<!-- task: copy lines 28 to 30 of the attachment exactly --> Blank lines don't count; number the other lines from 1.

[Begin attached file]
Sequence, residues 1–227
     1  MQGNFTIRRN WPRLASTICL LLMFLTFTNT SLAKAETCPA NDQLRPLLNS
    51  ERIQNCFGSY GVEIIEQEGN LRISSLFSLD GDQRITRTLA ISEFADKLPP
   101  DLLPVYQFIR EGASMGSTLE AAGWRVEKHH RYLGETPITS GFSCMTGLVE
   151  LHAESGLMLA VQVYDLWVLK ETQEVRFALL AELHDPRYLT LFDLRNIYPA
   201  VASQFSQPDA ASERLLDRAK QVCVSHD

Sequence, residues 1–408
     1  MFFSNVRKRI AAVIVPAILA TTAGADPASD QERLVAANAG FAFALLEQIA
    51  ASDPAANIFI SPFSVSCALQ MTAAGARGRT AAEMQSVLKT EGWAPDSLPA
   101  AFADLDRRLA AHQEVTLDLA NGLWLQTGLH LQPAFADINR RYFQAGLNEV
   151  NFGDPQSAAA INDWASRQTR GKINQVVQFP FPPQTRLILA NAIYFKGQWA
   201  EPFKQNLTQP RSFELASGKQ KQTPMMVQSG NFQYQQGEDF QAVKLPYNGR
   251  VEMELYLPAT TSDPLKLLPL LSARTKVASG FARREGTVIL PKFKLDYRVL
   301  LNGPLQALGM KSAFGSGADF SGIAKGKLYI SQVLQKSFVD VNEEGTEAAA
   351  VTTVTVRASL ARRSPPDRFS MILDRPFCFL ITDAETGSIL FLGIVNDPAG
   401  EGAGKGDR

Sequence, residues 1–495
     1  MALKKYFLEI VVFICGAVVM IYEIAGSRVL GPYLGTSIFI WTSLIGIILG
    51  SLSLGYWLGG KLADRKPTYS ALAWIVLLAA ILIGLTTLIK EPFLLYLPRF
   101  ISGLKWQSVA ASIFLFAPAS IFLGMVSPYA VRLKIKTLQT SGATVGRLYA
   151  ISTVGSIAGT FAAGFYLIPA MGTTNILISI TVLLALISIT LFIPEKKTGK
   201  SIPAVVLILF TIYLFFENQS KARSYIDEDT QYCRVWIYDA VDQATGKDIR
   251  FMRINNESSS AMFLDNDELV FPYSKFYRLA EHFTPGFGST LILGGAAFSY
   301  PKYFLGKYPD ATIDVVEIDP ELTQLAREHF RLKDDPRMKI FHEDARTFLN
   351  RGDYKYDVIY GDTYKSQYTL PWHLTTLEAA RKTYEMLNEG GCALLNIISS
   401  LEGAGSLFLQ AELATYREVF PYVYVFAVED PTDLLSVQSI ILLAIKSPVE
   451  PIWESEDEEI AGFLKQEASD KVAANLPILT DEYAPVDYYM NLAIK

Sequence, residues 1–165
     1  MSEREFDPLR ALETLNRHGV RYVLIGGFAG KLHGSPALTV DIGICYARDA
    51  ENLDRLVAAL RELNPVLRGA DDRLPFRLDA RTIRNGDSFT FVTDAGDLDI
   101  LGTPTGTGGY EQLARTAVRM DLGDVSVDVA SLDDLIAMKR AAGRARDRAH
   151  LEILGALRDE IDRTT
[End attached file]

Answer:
Sequence, residues 1–165
     1  MSEREFDPLR ALETLNRHGV RYVLIGGFAG KLHGSPALTV DIGICYARDA
    51  ENLDRLVAAL RELNPVLRGA DDRLPFRLDA RTIRNGDSFT FVTDAGDLDI